For better or worse, social media have become a part of daily life for many of us, but exactly how does social media use relate to our mental health or our connections with others? To borrow a common relationship status phrase: it’s complicated. 

Perhaps you are the kind of person who uses social media to share what you are doing with others or perhaps you scroll through your social media feed to see what everyone else is doing. Maybe it is some combination of both. Whatever your motivation, one factor that may drive some social media users is “fear of missing out,” commonly known as FOMO.

What Is FOMO?

On surveys, people would be considered higher on FOMO if they agreed with phrases such as “I get anxious when I don’t know what my friends are up to” or “I get worried when I find my friends are having fun without me.” As we discuss below, FOMO may be essential in understanding whether social media use is good for you.

Research often shows that teens who use more social media accounts tend to have more symptoms of anxiety and depression. In our research we find this is true but only if they also experience FOMO. If they don’t have such worries, social media may not be such a problem. This suggests that teens who worry about what others are up to—things that they aren’t being included in—may be better off if they stay off social media.

Our research also shows that FOMO is important to understanding the connection between adolescents’ social media use and sleep problems. Like moths to a flame, young people who want to keep up with what others are doing may be attracted to the glow of their social media feeds at night, when they probably should turn off the phone and rest in preparation for the next day’s events.

Digging Deeper Into FOMO

Because of these findings, I was led to examine how we would try to reduce FOMO and to even think more about what FOMO actually is. Along with a co-author, Megan Wong, I studied the presence of FOMO in different age groups; 14-17 year-olds, 24-27 year-olds, 34-37 year-olds, and 44-47 year-olds. We also wanted to see if FOMO was related to personality variables like self-esteem, loneliness, and self-compassion (think of self-compassion as how well we pick ourselves up after bad experiences). 

We expected FOMO to be highest in teenagers and for it to be lower in each older age group. That is not what we found. On average, FOMO was just as high for adults as adolescents. Instead of age being a predictor, FOMO was related to greater loneliness, as well as lower self-esteem and lower self-compassion.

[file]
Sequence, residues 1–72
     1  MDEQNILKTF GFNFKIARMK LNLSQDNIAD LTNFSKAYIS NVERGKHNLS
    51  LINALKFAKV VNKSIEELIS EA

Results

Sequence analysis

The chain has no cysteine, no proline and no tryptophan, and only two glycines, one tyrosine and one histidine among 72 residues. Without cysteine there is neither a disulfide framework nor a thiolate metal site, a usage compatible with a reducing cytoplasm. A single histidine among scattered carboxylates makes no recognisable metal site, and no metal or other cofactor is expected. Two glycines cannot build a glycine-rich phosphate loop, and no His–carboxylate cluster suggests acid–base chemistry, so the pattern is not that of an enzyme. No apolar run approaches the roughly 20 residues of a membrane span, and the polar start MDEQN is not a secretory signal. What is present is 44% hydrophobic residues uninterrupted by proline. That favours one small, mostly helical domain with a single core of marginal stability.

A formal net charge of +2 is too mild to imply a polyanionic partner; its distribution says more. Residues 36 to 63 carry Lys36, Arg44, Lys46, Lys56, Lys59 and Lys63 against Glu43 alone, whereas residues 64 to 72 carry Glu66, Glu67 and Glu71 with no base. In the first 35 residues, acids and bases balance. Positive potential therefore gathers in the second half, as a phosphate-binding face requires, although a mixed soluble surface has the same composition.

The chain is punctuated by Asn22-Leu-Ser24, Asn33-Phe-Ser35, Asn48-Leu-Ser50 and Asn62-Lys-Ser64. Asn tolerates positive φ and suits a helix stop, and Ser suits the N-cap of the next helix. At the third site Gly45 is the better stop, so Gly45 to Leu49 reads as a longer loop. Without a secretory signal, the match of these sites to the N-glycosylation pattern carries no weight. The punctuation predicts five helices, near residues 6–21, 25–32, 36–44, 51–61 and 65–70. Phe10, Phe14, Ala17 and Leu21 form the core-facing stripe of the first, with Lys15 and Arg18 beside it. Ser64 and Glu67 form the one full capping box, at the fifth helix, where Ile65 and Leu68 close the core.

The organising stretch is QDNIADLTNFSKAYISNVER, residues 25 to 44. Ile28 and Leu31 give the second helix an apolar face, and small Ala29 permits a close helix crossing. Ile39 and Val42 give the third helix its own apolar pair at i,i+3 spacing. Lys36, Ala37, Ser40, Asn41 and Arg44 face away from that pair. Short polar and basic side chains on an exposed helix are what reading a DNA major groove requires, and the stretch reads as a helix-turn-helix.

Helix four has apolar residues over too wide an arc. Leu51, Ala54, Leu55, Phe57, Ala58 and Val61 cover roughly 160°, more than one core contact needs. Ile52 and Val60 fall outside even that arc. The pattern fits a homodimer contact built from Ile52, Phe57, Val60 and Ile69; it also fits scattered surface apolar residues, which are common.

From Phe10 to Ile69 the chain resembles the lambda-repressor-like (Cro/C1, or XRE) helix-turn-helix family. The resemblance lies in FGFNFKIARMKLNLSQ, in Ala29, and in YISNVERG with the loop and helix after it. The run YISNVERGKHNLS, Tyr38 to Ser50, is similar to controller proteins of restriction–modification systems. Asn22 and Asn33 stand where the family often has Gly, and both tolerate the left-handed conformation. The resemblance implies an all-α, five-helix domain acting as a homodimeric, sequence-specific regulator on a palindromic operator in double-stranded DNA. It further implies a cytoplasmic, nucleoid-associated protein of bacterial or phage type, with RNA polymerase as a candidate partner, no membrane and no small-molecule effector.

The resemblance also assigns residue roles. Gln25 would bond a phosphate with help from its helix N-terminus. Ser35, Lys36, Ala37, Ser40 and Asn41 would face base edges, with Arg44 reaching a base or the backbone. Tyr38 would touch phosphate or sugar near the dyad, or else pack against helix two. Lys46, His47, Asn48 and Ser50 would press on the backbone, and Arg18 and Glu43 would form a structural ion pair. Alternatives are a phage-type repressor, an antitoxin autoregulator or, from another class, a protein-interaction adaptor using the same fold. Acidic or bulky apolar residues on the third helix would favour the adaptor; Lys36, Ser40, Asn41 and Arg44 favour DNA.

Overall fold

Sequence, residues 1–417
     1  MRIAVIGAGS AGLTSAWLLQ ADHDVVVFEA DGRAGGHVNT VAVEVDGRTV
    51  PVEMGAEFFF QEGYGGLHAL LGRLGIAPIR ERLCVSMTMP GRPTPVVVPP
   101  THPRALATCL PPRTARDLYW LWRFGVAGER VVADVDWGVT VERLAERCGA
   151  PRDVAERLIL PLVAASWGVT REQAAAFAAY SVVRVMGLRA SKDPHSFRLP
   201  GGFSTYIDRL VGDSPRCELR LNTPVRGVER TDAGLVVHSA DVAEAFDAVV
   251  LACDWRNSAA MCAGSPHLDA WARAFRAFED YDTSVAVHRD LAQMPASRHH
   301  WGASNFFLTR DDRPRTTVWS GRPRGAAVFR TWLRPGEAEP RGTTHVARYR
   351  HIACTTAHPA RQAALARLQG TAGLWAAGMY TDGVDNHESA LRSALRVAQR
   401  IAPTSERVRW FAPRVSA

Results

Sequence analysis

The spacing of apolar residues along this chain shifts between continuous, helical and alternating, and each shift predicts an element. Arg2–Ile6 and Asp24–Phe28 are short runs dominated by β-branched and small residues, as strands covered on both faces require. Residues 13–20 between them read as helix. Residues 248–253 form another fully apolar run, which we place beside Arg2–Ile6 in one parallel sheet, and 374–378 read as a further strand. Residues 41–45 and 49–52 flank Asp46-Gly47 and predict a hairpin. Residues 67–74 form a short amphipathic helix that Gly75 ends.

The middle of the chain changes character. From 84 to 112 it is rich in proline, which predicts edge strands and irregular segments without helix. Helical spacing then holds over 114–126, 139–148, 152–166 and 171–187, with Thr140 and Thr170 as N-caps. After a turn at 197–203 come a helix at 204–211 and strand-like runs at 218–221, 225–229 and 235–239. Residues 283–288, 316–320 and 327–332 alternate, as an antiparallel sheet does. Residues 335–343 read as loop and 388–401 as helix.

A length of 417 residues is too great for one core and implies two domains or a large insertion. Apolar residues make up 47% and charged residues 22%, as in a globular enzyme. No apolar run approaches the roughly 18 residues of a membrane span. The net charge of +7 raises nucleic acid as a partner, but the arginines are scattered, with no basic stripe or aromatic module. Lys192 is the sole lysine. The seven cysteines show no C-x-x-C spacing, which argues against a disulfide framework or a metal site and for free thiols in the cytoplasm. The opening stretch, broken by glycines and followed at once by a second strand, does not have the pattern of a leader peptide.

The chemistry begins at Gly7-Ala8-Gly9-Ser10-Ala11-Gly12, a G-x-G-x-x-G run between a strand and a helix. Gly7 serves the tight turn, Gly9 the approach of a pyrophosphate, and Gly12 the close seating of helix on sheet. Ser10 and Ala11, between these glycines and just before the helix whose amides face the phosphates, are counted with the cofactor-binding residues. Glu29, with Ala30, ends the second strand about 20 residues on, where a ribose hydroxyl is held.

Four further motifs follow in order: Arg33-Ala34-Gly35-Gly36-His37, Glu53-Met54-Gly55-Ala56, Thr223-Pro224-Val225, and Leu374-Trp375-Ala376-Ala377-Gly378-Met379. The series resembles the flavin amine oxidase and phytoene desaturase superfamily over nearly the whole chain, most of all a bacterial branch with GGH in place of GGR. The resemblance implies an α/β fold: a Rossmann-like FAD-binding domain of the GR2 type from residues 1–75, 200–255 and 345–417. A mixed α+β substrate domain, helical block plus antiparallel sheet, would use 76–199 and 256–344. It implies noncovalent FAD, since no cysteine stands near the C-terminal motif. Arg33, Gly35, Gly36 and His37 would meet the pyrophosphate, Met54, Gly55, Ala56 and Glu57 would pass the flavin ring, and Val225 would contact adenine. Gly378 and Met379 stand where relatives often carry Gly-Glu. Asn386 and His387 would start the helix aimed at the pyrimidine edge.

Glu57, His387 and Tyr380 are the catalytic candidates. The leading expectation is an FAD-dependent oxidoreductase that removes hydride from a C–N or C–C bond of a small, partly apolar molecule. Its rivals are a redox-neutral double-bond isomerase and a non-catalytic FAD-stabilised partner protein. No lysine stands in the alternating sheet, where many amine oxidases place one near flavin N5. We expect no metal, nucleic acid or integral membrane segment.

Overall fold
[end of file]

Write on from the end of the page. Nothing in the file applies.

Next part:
This led us to decide that a deeper dive into self-compassion may be key for how to reduce FOMO. Mindfulness, often described as being clearly aware of one’s sensations and experiences or living in-the-moment, is part of self-compassion. Perhaps becoming more mindful of the experiences taking place right in front of us (and not on the phone in front of us) leaves less room for FOMO.

If this is so, it may help to disconnect from others’ activities and reconnect with our own. We don’t need to shun others to do that. Instead, we need to try to better interact directly with people who are important to us. Besides, living in the moment, especially our own moment, is probably more enjoyable than getting lost in the distant moments of others. After all, we won’t fear missing out if we are, in fact, included in these moments.

Unfortunately, the COVID-19 pandemic has changed our relationships with social media and limited our ability to have direct interactions. Most of us probably use digital media more now out of true work- or school-related necessity. Social media also provide ways to connect with others whom we normally would interact with face-to-face. So, it is unclear how FOMO is playing into our current lives. One of our more recent studies found that high schoolers who had more accurate COVID-19 knowledge experienced less FOMO. Maybe for those teens, accurate information enabled them to accept the need for limited face-to-face interactions. Thus, concern for what others were doing became lower because they realized that all of us are missing out on some things now. With friends and family doing fewer activities outside the home, there was also less to be left out of. 

Getting back to normal may mean revisiting our use of social media apps when we don’t need them as much for social interactions. That is, we may choose to unplug, taking more joy in what we are doing, and having less concern for what others are doing. Ironically, feeling some joy in missing out could actually enhance meaningful connections with others when we do interact with them.

For Further Reading

Barry, C. T., & Wong, M. Y. (2020). Fear of missing out (FoMO): A generational phenomenon or an individual difference? Journal of Social and Personal Relationships, 37(12), 2952-2966.

Scott, H., & Wood, H. C. (2018). Fear of missing out and sleep: Cognitive behavioural factors in adolescents’ nighttime social media use. Journal of Adolescence, 68, 61-65. doi: 10.1016/j.adolescence.2018.07.009

Christopher Barry is a Professor in the Department of Psychology at Washington State University. He is an Associate Editor of Journal of Child and Family Studies and an Assistant Editor of Journal of Adolescence.